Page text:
Universal Music Group N.V. – The Music Never StopsBrian Langis
Why Universal Music Group?
For me this is an appealing investment. I like the idea of owning a piece of the music industry.
UMG earns revenue every time their music is played. UMG has predictable recurring revenue that requires almost no capital to grow. There’s zero marginal cost. You can listen to it over and over. A lot of their content is timeless. UMG is a predictable free cash flow generation business.
UMG’s shares offer investors a way to participate as an owner of unique under-monetized, must-have, irreplaceable robust content and has the scale and global customer relationships to leverage it, UMG will greatly benefit from the accelerated consumption of online content in the U.S. and around the world.
In conclusion, UMG is the IP rights holder (content is king) and has many distributors fighting to distribute its content, UMG is in a position to succeed. And unlike other streamers, UMG is not competing for “consumer eyeballs”. It just needs its ears.
- People want music. That’s not going to change. It’s a need. It’s essential. It’s part of us. It’s how they consume it that’s changing. Streaming is taking over.
- Streaming will continue to grow at a good rate. Consumer spending on music generated an all-time high. This is a huge tailwind.
- Spotify, YouTube Music, Apple Music, Prime and other streamers work from Universal Music. It’s the streamers that bare the cost of attracting subscribers.
- Universal has transfer pricing power. The music streamers’ margin goes to the label. If Spotify raises prices, Universal can raise theirs without losing business.
- Bill Ackman: “if you own UMG, you own a royalty on people listening to music”.
Universal Music Group N.V.
Universal Music Group N.V. is primarily traded on the Euronext Amsterdam under the sticker UMG.
Note: Currency amounts are in Euro € unless mentioned otherwise. USD-EUR 0.89 Price of 1 USD in EUR as of December 21, 2021.
Universal Music Group N.V. (UMG) is a world leader in music entertainment with three main operating businesses: recorded music; music publishing; and merchandising. UMG operates in 60 countries and has a vast catalog of recordings and songs stretching back over a century and comprises the largest. UMG is home to some of the biggest names in music.
Universal Music’s origins date back to 1934 when it became the US branch of UK based Decca Records. In 1962 it merged with MCA. In 1995 Seagram took control of MCA and was renamed Universal Studios with the music division labeled Universal Music Group. In 2000 Vivendi bought Seagram’s entertainment assets. Universal Music and Pictures are not attached anymore. Universal Pictures is owned by Comcast.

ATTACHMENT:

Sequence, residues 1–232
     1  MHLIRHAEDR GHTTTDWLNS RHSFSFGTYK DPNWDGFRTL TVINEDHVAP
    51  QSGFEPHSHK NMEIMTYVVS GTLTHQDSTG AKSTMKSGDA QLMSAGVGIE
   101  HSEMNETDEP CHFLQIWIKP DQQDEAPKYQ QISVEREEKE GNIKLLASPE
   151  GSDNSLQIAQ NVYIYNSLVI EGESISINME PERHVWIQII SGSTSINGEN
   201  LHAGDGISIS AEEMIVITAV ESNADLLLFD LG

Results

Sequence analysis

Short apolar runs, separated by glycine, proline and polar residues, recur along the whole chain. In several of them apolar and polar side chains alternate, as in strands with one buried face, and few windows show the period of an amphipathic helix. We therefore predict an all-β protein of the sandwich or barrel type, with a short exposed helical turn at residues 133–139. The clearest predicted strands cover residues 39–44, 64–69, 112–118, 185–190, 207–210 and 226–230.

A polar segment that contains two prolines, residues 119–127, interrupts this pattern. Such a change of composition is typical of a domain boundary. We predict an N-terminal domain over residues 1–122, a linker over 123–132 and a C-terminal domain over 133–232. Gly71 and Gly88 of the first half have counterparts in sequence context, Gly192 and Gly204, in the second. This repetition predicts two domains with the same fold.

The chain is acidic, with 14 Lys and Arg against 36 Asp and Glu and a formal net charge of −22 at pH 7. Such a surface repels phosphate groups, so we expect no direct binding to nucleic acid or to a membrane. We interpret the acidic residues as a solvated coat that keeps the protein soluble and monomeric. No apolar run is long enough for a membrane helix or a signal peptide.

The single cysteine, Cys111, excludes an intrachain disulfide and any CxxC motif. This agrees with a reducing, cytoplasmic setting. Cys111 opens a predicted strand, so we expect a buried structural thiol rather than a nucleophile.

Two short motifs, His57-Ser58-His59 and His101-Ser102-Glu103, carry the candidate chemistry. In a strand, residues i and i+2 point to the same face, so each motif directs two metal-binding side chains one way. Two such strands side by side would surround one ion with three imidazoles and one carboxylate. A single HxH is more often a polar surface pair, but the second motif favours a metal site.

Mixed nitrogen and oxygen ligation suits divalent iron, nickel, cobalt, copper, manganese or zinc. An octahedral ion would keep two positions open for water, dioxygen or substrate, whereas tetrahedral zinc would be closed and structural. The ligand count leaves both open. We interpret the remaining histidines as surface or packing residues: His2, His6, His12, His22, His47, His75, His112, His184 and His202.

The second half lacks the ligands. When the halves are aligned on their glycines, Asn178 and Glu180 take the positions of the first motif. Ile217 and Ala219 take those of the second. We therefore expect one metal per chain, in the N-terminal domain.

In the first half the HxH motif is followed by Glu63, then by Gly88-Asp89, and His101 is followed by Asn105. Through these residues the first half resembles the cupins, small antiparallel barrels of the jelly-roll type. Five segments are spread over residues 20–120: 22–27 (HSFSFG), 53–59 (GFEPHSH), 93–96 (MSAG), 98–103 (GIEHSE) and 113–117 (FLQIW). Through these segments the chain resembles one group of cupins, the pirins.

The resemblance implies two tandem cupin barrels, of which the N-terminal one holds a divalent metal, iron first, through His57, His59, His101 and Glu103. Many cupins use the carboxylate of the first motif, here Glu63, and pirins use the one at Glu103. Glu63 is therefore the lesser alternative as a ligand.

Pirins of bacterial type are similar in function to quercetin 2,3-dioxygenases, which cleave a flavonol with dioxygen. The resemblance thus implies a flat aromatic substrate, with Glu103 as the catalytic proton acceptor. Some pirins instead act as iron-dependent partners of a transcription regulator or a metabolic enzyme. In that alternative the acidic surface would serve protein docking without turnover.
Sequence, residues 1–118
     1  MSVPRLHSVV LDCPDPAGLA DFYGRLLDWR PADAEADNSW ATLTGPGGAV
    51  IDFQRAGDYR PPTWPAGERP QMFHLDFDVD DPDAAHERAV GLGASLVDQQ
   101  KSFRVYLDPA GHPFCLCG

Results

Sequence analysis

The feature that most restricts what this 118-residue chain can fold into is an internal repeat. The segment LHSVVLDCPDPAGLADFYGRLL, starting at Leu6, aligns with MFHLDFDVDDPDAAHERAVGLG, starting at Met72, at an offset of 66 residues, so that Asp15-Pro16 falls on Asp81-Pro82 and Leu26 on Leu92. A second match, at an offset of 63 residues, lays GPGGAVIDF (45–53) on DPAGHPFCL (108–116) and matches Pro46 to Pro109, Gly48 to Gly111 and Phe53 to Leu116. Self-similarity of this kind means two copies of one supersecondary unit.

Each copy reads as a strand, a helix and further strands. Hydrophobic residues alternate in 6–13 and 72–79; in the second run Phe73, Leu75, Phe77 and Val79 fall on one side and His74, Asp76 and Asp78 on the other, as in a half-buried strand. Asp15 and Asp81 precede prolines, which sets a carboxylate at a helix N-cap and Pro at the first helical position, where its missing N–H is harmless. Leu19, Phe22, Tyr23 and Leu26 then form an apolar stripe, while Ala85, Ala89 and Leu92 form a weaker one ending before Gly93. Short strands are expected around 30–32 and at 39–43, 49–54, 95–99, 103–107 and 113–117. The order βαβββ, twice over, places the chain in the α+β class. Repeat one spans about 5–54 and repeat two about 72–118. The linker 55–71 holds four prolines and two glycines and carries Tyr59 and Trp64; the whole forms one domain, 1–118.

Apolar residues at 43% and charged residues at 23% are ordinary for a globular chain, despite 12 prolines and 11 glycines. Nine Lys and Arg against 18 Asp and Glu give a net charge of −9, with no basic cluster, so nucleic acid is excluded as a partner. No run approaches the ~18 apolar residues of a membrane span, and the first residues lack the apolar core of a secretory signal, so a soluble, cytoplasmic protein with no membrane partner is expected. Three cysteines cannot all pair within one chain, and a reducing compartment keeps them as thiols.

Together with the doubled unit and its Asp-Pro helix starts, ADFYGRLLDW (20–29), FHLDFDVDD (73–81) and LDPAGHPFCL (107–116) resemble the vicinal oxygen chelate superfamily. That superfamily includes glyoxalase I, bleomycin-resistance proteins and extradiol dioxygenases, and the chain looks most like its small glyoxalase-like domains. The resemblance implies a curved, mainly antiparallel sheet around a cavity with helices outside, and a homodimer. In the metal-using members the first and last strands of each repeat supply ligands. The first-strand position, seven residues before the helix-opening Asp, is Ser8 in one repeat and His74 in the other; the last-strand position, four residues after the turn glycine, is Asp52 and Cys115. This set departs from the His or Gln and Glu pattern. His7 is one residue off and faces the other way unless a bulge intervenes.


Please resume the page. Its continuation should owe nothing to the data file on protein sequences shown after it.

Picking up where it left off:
UMG has 1.8 billion shares outstanding trading at ~€24. This implies a market cap of ~€43.5 billion ($49b). UMG had revenues of €7.4 billion and €1.487 billion in EBITDA (20% margin) FY2020.
Results for the first nine months of 2021 are on the upside:
Source: UMG Q3-2021 Results
UMG is a new publicly traded company. On September 21, 2021, with more than 99.9% shareholders approval, Vivendi SE (OTCPK:VIVEF) spun-off 60% of the shares it owned. Vivendi retains a 10% stake in UMG for a minimum of two years. It’s worth noting that Vivendi has owned UMG since 2000 through its acquisition of beverage giant Seagram. Below is a table of the main shareholders:
Source: UMG Prospectus Page 2. Concerto and Scherzo are collectively referred to as the Tencent-led Consortium. They own 20%.
Netherlands won out because it “has been one of UMG’s historical homes,” even though the business is based in the U.S. Another attraction might be that Dutch corporate governance laws offer strong protections against takeovers.
I will explain the thesis with two stories.
The first story is my own personal experience buying music. I bought my first CD when I was a teenager. It cost me $28 back in 1996. That’s $49.36 in today’s money! Even though the CD had 12 songs, I bought it for only one song. So I paid $49 in today’s money for one song. Then I bought my 2nd CD, a double album so I could listen to one song for $44. I don’t even want to break down the math inflation because it’s insulting to my intelligence. For the reader that’s pondering moving on because of my teenage stupidity, be reassured that I haven’t bought a CD in over twenty years. But that’s what people did back then. It was also the period where the music industry was at its most profitable. It was a terrible proposition for the consumer and a great one for the music industry.
Then Napster happened. Illegal music sharing software hit the music business hard, really hard. It was game over for the music industry. The gravy train was gone. Consumers were rebelling. What followed was 20-years of decline in CD sales.
Then streaming happened.
Source: IFPI Global Music Report 2021
Article by Brian Langis